A case supportive of the position that a change in the size of a claimed article does not impart patentability

Cannot be extended to support the proposition that changing the size of a component is a matter of obvious design choice.  Ex parte Drozdenko

The claims in Drozdenko relate to a fan blade and an engine for gas turbines.  More specifically, the claims are directed to a adhesive and fabric stack used between a sheath and a fan blade.  The fabric layer has holes that “are less than 0.001 inches in diameter”, on average.  The Examiner applied a reference to the claims that taught a conventional scrim material having larger holes and argued that modifying the reference to have holes within the scope of the claims was an obvious matter of design choice, citing In re Rose, 220 F.2d 459 (CCPA) in support of the rejection.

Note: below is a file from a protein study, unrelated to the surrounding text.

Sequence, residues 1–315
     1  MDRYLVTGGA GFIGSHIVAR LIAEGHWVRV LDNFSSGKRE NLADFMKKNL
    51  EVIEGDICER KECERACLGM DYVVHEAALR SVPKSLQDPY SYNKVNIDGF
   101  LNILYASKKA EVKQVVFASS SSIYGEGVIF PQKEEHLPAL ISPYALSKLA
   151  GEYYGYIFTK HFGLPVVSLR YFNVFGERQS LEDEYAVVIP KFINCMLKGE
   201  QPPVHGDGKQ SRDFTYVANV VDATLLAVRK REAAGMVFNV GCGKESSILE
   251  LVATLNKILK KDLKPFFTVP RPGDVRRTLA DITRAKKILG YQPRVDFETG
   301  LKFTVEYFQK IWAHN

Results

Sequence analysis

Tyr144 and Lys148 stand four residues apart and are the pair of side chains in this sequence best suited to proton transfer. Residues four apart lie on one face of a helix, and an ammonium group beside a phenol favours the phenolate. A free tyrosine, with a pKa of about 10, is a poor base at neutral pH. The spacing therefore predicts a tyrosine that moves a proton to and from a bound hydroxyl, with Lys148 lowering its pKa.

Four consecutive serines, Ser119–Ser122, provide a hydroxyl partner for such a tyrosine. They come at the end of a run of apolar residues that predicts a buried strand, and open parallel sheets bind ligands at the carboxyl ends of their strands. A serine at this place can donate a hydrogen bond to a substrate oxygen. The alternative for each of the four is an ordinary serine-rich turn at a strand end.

In re Rose

The Board reversed the Examiner, first differentiating Rose.  In Rose, the Board explained, Appellants had argued nonobviousness based on the fact that the claimed article was large, whereas those taught in the applied prior art were much smaller.  The Rose Court held that the argued distinction was irrelevant as “the size of the article under consideration is not ordinarily a matter of invention.”  The Board distinguished Rose from the application at hand by saying “here, in contrast, the Examiner does not propose a change in the overall size of the article under consideration” and instead “proposes changing the structure of” the prior art’s woven fabric “to that of a tightly woven fabric having holes less than 0.001 inch.”

In re Gal

Noting that Appellant’s specification described problems with the use of fabric having larger holes, the Board held that In re Gal, was more applicable.  In re Gal, 980 F.2d 717 (Fed. Cir. 1992) (a finding of obvious design choice is precluded when the claimed structure and the function it performs are different from the prior art).  Because Appellant had shown that a fabric having a much smaller hole size would function differently than the scrim material known in the art, the Board held one of ordinary skill in the art would have not been motivated to make the substitution/modification.